In Memoriam of John R. Bush
A 75 year old Tampa lawyer died on August 30, 2008. He was a very special man. He had suffered from kidney disease and had recently been diagnosed with pancreatic cancer. Rather than subject himself and his family to further dialysis, tests, biopsies, operations, procedures and medications, none of which would reasonably have improved the quality of his remaining life, he opted for none of the above, but instead a home setting for his final days and the care gracefully and lovingly provided by his daughter. He directed that his cell phone, a contraption as to the benefits of which he was highly conflicted, be relegated to the trash and that friends who otherwise would have presented themselves for the “final visit” be barred from such ordeal so that neither they nor he would have to suffer from the likelihood of emotional blather or excess. He decreed that any public notification of his death be limited to that which might be required by law. He was a very private man and would be appalled at the thought of an article such as this being published. Happily, he is presently without control over such matter.
He arrived in Tampa in 1962 with a wife, a Syracuse University law degree, a Marine Corps Officer pedigree and a job with the Internal Revenue Service. He entered private practice in 1964 with Macfarlane Ferguson Allison & Kelly, and in 1981 founded with others the firm which ever since has borne his name. Few outside of the legal community would have known of his presence. No media device was ever used to publicly pronounce his expertise or abilities, he joined no organization for the purpose of aggrandizing his presumed talents and disdained those lawyers who attempted to publicly market themselves or advance a “brand.” He simply tried to perform a professional service for those who sought his assistance and over the years, as a consequence of doing so with great skill and effort, he achieved an enviable reputation as a trial attorney.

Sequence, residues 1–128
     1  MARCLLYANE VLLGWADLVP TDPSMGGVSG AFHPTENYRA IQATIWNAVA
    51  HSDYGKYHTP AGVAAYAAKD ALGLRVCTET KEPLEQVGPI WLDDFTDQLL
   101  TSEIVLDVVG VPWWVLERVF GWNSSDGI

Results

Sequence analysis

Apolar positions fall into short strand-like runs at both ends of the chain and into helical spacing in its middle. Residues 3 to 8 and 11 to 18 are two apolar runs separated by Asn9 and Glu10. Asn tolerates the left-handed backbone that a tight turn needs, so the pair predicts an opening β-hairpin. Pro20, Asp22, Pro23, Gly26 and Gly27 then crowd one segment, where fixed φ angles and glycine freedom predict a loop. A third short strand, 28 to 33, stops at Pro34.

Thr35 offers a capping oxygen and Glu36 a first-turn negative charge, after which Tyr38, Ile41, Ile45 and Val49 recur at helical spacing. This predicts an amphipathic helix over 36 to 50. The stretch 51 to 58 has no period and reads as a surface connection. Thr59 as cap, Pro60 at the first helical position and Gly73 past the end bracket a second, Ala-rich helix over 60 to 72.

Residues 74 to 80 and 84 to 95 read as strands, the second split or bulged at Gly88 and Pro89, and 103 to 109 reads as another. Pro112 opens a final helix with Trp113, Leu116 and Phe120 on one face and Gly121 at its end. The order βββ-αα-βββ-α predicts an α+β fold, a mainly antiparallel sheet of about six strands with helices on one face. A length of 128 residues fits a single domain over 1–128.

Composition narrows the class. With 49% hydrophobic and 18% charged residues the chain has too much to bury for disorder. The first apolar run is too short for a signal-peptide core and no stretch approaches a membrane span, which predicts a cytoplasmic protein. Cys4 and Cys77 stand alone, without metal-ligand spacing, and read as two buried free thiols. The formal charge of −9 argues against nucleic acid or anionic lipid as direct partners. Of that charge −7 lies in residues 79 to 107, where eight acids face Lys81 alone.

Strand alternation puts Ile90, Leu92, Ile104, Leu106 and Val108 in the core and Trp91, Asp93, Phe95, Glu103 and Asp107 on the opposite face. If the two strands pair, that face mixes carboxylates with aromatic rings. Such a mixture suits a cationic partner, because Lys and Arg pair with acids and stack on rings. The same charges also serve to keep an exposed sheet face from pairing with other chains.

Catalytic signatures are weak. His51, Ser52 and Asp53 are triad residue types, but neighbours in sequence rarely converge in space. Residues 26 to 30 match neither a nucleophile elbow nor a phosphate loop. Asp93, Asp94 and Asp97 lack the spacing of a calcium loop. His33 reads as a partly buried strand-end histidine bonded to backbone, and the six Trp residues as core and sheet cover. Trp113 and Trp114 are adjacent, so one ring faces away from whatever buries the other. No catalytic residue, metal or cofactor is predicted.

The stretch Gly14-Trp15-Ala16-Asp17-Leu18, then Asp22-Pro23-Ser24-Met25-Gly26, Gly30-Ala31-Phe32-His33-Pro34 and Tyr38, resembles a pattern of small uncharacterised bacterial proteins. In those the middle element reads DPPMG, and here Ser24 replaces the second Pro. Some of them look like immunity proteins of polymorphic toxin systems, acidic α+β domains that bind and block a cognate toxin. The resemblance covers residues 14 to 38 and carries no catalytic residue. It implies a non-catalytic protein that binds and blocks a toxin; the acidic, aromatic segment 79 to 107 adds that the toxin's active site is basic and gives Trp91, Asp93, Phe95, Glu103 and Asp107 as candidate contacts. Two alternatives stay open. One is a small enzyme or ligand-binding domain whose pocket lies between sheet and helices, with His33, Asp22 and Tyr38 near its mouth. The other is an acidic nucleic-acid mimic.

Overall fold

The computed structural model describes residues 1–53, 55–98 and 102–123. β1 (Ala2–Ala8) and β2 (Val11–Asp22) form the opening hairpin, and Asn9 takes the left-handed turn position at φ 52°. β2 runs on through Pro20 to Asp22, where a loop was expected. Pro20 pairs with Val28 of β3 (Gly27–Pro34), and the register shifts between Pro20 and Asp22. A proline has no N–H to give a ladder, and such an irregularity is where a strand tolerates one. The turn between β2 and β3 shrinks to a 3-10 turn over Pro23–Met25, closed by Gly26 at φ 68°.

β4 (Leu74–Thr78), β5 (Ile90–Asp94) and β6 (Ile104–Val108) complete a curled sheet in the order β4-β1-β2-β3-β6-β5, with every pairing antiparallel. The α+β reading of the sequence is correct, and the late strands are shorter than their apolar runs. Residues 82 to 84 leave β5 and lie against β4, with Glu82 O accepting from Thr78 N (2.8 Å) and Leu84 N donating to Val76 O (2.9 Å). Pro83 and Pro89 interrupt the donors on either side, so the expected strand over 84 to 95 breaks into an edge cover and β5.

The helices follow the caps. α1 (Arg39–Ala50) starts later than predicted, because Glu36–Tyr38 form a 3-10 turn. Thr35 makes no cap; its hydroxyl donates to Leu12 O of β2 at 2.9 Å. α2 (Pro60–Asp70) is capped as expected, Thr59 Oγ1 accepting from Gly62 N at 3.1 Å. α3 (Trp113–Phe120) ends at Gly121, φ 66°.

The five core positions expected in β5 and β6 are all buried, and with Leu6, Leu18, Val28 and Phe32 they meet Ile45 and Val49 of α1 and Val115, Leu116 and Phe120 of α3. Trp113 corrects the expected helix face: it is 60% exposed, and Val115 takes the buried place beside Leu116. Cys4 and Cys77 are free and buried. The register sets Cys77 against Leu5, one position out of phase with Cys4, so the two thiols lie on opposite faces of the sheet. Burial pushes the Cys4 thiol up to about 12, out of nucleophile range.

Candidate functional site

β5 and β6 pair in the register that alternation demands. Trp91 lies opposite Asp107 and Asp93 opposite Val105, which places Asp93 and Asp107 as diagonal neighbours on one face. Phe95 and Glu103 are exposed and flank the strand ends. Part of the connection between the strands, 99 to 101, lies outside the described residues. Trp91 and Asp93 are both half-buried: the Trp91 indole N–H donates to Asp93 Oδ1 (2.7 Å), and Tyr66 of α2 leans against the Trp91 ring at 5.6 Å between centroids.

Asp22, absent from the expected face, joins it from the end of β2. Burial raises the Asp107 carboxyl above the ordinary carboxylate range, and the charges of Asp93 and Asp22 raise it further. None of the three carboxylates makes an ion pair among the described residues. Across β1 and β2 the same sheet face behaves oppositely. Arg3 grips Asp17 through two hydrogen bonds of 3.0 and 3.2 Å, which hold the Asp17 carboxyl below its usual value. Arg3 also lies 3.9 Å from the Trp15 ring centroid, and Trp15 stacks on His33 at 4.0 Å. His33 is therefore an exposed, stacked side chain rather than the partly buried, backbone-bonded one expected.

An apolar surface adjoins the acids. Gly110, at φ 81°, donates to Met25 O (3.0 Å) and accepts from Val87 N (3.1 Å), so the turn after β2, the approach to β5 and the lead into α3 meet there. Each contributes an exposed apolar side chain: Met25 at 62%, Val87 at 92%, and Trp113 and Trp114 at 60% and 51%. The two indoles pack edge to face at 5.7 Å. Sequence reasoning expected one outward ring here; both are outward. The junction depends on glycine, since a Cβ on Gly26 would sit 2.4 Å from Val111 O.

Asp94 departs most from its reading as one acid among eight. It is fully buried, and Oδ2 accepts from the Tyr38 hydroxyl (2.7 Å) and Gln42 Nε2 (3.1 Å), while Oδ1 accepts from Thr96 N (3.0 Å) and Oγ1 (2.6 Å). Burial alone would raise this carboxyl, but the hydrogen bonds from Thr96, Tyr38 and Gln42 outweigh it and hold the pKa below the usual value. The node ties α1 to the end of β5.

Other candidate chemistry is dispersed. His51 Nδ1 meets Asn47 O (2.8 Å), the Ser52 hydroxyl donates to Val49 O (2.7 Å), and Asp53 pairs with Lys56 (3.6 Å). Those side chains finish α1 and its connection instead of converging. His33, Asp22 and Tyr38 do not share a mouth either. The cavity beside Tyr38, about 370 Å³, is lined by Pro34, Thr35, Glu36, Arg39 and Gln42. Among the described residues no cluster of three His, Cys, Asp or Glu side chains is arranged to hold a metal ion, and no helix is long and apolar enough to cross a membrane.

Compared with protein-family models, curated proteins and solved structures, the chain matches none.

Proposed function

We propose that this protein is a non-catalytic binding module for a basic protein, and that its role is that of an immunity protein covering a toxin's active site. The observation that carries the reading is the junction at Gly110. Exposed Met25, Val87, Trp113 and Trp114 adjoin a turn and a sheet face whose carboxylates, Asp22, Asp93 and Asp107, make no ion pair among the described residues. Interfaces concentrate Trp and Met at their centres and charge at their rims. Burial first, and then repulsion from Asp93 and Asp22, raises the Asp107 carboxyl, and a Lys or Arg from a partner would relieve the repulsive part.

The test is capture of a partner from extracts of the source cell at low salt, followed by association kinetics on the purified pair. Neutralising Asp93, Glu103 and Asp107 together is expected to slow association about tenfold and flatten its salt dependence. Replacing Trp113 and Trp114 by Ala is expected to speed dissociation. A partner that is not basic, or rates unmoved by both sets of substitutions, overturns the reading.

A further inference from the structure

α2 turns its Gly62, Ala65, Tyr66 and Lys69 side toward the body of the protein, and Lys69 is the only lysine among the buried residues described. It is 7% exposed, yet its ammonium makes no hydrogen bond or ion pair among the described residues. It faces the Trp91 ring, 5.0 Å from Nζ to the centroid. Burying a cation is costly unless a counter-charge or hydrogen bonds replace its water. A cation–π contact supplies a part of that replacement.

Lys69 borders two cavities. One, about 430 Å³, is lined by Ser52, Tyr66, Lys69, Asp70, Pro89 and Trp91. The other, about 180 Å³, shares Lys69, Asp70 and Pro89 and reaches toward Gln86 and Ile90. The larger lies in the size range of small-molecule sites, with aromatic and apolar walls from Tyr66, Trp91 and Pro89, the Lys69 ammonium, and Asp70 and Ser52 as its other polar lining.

He had a wonderful sense of humor but told jokes that left others wondering what they had missed, was a man who did not “suffer fools lightly,” was fascinated by world events, viewed most politicians as preening roosters and was enormously opinionated. Consequently, it was great fun to utter an outrageous thought on virtually any larger subject and then silently observe the resulting and inevitable lecture or fulmination. He missed being a part of the “Greatest Generation” by a few years, but would have been a strong member of that dying breed of able, silent, private men who proceed through life quietly and competently without seeking public recognition or private fortune and accept and deal with circumstances as they find them. Would that there were more like him. His name was John R. Bush and those of us who were privileged to have known him well mourn his passing.